Marine aquarists are always looking for ways to improve their systems. During the research and building stage, there may have been financial restrictions or other problems which no longer apply, which allows the aquarist to upgrade.
Perhaps a more efficient skimmer could be obtained, or some other piece of equipment. Maybe more live rock would be beneficial, so that the fish only aquarium could be fully stocked or in a reef aquarium the reef extended.
There is one item that is really useful, and that is a sump. Many, perhaps most aquarists have a sump as part of their system from the start. If there isn’t a sump, is it worth having? I would say a definite ‘yes’ – and it doesn’t cost a great deal either.
There isn’t any guideline for the size of a sump, it can be any size. However, the bigger the better, and the only constraint is fitting it.
What is a sump basically? It is a second aquarium to which seawater flows from the main aquarium and is then pumped back again. The first question is where can it go? Many sumps are fitted in the cupboard that is often below the display aquarium when that unit is supported by a stand. Space needs to be left above the sump so that servicing can be done, for example a protein skimmer needs cleaning and the collection cup lifts upwards. It isn’t necessary for it to be in that position though, it can be alongside the main aquarium and a little below it. It goes a little below it so that seawater will naturally flow by gravity from the display aquarium to the sump. The seawater is then pumped up again.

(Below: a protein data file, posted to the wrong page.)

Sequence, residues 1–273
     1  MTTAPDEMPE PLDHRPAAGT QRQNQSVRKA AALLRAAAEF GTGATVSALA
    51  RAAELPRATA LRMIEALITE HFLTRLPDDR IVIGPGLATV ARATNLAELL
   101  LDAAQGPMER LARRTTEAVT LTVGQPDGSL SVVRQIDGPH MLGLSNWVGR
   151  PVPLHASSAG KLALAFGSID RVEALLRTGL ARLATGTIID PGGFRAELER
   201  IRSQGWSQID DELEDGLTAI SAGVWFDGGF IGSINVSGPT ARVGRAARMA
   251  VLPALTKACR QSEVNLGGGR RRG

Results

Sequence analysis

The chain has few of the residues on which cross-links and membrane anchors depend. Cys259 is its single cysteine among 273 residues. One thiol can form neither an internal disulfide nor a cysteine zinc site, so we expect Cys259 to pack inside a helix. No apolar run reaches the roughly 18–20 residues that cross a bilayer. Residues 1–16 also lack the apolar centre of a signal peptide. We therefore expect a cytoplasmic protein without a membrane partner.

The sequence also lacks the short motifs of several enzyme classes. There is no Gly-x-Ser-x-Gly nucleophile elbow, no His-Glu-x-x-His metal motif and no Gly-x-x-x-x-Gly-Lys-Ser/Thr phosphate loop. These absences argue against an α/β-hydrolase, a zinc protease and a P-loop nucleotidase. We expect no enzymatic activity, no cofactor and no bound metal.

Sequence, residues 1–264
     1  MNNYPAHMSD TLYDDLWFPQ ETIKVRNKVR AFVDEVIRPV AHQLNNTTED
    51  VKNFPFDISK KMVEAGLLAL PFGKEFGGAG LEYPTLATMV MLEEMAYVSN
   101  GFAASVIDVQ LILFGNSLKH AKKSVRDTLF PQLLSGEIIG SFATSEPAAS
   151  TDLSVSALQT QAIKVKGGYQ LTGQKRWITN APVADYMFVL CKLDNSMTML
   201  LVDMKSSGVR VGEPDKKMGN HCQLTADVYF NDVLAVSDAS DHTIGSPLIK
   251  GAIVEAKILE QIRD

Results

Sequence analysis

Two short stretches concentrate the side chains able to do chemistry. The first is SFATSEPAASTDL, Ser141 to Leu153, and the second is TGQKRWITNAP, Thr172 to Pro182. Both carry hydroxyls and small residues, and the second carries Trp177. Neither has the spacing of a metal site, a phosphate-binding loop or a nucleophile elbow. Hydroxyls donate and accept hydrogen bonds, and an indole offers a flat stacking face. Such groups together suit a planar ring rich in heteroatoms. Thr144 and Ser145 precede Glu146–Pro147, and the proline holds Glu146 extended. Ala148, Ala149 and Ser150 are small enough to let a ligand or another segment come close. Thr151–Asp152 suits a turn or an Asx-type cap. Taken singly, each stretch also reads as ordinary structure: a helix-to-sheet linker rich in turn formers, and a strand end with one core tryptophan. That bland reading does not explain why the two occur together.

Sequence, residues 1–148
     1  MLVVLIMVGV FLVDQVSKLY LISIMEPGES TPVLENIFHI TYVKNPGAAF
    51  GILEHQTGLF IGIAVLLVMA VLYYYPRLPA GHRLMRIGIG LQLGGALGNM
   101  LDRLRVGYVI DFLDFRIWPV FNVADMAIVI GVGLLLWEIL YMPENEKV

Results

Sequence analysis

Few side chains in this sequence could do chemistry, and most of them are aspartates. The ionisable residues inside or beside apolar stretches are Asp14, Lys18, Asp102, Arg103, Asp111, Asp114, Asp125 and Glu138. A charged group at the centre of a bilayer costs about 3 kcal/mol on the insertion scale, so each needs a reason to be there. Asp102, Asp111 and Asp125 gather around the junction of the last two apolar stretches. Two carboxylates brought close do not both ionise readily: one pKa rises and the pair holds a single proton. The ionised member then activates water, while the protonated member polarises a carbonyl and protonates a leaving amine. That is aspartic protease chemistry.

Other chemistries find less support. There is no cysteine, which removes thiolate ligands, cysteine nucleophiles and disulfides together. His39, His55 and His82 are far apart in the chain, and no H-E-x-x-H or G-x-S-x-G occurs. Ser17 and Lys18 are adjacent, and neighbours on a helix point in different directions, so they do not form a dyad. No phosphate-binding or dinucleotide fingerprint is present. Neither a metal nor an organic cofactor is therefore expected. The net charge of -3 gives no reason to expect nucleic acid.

Having found the dimensions that can be used, the aquarist can either have a sump made or buy an aquarium off the shelf. There’s nothing special about a sump, it is simply as said a secondary aquarium.
One modification is required to run a basic sump, and that is to have a special area for the return pump. This is very easily accomplished by dividing off the end of the sump, leaving room for the pump to just comfortably fit in. The glass partition that is used has its top a little below the seawater surface, so that seawater flows over the top of the divider into the pump area. The pump used should be capable of moving the total system net gallonage around 3 times an hour. (Note that this is the seawater movement through the sump – the seawater movement in the display aquarium itself is more vigorous).
It has already been stated that the seawater gets from the display aquarium to the sump by gravity and is then pumped back through a tube connected to the return pump. How does it get out of the display aquarium? There are three basic ways to achieve this, first the overflow box, second by drilling the side or back of the aquarium, and third by drilling the bottom of the aquarium.
The overflow box can be obtained commercially. They are sometimes called a siphon box. They sit on the edge of the aquarium and seawater flows to the sump at the speed determined by the inflow from the sump. The overflow box must be able to handle the amount of seawater coming from the return pump These overflow boxes are more dependable nowadays, but problems can still occur if air gets into the box system. They are also noticeable as they protrude above the top level of the display aquarium.
The second is achieved by drilling a hole (or holes if two overflows are desired) through the glass at the side or back of the display aquarium. It is usually better to drill the side as there will be access problems at the back. Once the hole is drilled to a specific size, then a fitting and pipe are attached to allow seawater to overflow to the sump. The drilling can normally be carried out by a professional if desired, and can be done on a new or ’in use’ aquarium (the seawater level is lowered to allow the hole to be drilled).